Dr Chang performs cataract surgery as a day surgery. It involves keyhole surgery (without stitches) using a microscope and the latest technology to remove the cloudy lens. A clear new lens is then implanted in its original position inside the eye. As a cataract surgeon and retinal specialist, Dr Chang is able to provide expert assessment of not only the cataract but also to ensure that there are no other retinal or macular conditions that need to be considered before undertaking cataract surgery. This is particularly important in patients with co-existing macular disease such as AMD, diabetic retinopathy, retinal vein occlusion or uveitis.

Uveitis

Uveitis is a group of conditions involving acute or chronic inflammation inside the eye. There are various forms and causes of uveitis, and it may also be referred to by other names such as iritis, anterior uveitis, intermediate uveitis, posterior uveitis or panuveitis. Uveitis often results due to aberrations of the immune system, but it can also be related to infections. Uveitis can cause symptoms such as an acutely painful red eye associated with light sensitivity, or more gradual onset of blurred vision and/or floaters. It may affect one or both eyes. Uveitis is an important cause of vision impairment, particularly in younger adults who may be working or studying. Ocular inflammation may occur in isolation in otherwise healthy persons, but not infrequently, it can be associated with inflammation affecting other parts of the body.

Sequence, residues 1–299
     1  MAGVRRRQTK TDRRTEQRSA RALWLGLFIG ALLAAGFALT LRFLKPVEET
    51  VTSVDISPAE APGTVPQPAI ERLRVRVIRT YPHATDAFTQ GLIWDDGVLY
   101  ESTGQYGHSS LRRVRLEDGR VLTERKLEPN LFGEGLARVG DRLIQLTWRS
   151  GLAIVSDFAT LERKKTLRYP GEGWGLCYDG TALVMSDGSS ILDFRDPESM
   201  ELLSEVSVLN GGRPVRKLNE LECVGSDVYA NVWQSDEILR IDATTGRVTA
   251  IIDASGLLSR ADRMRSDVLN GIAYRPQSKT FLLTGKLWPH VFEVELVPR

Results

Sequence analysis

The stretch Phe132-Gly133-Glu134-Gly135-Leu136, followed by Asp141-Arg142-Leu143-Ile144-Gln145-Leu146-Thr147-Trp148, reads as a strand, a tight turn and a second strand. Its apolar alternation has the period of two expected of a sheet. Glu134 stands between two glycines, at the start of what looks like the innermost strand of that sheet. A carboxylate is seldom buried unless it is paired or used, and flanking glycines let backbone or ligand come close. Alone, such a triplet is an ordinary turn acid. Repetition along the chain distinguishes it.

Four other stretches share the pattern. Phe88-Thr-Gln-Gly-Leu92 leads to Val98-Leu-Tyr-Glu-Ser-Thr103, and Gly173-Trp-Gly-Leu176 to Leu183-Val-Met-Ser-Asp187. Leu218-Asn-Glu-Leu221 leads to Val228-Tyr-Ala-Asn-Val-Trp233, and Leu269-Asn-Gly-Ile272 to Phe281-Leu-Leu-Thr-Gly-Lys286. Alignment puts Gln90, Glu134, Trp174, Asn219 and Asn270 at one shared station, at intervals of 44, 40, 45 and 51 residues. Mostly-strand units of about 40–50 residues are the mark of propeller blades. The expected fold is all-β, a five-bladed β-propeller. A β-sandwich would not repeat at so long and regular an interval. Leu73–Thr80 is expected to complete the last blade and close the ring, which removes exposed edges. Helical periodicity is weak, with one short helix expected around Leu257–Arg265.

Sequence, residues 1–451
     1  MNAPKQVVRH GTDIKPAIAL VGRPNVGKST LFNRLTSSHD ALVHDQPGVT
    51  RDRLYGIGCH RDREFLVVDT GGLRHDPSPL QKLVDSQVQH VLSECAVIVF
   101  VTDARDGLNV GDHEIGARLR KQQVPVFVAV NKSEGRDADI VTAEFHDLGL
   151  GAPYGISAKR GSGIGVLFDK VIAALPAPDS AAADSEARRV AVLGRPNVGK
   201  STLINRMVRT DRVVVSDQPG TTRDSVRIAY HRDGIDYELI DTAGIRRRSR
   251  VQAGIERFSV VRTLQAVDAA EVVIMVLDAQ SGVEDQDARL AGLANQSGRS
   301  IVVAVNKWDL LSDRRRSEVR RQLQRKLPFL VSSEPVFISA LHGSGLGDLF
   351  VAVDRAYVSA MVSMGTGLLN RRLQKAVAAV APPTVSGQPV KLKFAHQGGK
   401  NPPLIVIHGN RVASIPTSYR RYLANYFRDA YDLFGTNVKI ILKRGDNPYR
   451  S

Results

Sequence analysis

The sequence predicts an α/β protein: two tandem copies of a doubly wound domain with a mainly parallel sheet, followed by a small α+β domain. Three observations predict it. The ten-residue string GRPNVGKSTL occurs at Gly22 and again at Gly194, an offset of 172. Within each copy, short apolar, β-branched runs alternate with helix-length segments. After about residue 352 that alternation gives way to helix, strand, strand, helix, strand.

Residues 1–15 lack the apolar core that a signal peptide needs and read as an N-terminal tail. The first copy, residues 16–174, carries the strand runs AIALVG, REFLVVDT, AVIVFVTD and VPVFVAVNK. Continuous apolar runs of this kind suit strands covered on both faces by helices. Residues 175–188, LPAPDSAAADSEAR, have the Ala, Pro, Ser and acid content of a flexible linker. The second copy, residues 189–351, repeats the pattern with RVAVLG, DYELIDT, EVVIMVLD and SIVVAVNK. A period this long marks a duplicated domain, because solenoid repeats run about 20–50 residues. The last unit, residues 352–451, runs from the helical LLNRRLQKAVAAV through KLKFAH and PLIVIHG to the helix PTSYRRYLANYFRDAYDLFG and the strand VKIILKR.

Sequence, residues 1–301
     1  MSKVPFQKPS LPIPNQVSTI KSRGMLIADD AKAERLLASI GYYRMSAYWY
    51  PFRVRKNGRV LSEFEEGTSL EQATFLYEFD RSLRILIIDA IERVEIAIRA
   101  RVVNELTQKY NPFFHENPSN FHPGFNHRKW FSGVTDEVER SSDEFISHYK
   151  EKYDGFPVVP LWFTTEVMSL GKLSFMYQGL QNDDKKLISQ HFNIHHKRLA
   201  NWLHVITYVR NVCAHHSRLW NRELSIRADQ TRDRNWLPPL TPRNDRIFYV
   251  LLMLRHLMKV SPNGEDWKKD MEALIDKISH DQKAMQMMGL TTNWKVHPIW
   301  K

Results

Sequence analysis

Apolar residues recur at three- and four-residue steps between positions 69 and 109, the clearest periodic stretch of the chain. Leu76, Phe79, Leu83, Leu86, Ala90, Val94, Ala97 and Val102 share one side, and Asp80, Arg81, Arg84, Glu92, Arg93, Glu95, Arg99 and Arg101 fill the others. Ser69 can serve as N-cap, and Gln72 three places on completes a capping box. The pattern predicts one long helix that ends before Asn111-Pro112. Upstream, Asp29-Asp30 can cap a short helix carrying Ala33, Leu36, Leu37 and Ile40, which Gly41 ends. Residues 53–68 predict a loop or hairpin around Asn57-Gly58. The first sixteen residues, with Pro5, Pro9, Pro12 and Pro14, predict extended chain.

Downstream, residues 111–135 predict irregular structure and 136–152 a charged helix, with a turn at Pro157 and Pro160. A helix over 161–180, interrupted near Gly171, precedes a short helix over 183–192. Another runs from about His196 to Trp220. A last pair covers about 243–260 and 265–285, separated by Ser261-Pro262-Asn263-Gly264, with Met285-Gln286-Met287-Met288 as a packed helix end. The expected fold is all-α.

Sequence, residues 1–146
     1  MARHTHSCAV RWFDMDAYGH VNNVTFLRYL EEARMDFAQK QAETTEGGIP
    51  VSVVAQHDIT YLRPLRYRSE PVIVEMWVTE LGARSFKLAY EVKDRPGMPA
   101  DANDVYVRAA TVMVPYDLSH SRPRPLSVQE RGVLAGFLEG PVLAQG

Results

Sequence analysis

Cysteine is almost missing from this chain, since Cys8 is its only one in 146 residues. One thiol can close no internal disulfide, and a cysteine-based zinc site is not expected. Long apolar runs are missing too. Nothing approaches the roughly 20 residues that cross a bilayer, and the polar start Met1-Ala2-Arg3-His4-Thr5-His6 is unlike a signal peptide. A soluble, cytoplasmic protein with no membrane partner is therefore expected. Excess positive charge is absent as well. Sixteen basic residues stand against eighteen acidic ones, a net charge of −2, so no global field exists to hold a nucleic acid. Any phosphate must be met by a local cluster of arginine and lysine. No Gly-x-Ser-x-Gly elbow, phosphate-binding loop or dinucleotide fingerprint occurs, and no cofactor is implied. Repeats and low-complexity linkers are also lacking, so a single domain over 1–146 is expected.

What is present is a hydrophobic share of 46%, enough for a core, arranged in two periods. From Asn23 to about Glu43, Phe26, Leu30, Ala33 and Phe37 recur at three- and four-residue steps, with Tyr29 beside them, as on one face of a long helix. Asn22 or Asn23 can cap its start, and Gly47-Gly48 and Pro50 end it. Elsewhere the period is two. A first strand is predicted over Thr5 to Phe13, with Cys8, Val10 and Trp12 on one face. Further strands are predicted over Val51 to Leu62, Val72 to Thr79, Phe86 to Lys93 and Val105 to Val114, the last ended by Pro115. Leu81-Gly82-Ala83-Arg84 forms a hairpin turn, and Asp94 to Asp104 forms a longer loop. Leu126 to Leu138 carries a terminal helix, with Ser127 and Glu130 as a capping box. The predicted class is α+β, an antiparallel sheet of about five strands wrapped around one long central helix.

Uveitis can cause vision loss in numerous ways, including macular oedema (swelling of the central retina), cataract development and glaucoma. Fortunately, there are a number of medical and surgical treatment options for uveitis. Dr Chang is experienced in the diagnosis, investigation, and treatment of the various forms of uveitis.